Popular World War II exhibit extended at San Francisco's Presidio

SAN FRANCISCO (KGO) -- At the beginning of World War II, San Francisco's Presidio wasn't just a military post for the war in the Pacific, it was the hub for a domestic battle here at home: the forced evacuation and internment of Japanese American citizens.

Liz Melicker is the curator of EXCLUSION: The Presidio's Role in World War II Japanese American Incarceration. The exhibit highlights the history of Western Defense Commander Lt. General John L. DeWitt. From his desk in the Presidio, DeWitt orchestrated President Roosevelt's executive order for the mass evacuation.

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"And he is the one who actually issued the 108 civilian exclusion orders that incarcerated Japanese Americans en mass along the West Coast," Melicker said.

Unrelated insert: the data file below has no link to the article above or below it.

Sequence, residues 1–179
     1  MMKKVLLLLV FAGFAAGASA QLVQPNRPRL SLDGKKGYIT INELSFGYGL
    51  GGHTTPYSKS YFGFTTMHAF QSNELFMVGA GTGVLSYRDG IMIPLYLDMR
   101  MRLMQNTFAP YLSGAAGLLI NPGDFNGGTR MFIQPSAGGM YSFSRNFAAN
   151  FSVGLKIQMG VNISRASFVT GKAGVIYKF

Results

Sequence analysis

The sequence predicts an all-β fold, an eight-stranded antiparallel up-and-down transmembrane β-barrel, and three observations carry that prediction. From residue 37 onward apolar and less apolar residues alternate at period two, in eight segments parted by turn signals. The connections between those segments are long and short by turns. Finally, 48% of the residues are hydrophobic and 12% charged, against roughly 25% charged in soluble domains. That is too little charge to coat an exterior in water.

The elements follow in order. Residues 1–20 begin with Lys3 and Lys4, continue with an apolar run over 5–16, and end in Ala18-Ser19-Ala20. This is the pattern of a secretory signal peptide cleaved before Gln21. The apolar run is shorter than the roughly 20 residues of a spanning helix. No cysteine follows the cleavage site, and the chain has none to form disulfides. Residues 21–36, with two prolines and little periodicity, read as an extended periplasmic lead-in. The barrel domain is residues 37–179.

The exhibit features moving photos, from the evacuation in the Bay Area, to life in dusty relocation camps, to political resistors like Fred Korematsu. But interactive exhibits also solicit the feelings of visitors today. And Melicker says it seems to have touched a nerve with many people.

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"And the themes of the exhibition, mass incarceration, immigration reform, racial profiling, are themes that continue to resonate, obviously with this history, but also with visitors today," she says.
Nearly 43,000 people have viewed the exhibit since it opened, roughly a year ago, outstripping previous exhibits. In fact the EXCLUSION exhibit has proven so popular with current audiences, that it's now being renewed.

"And we're going to be extending it for an additional year, into the spring of 2019," says Melicker.

The exhibit is located in the Presidio Officers' Club, and is free to the general public. Click here for details on the exhibit.

Click here for a look back at our past stories and videos about World War II.

Written and produced by Tim Didion

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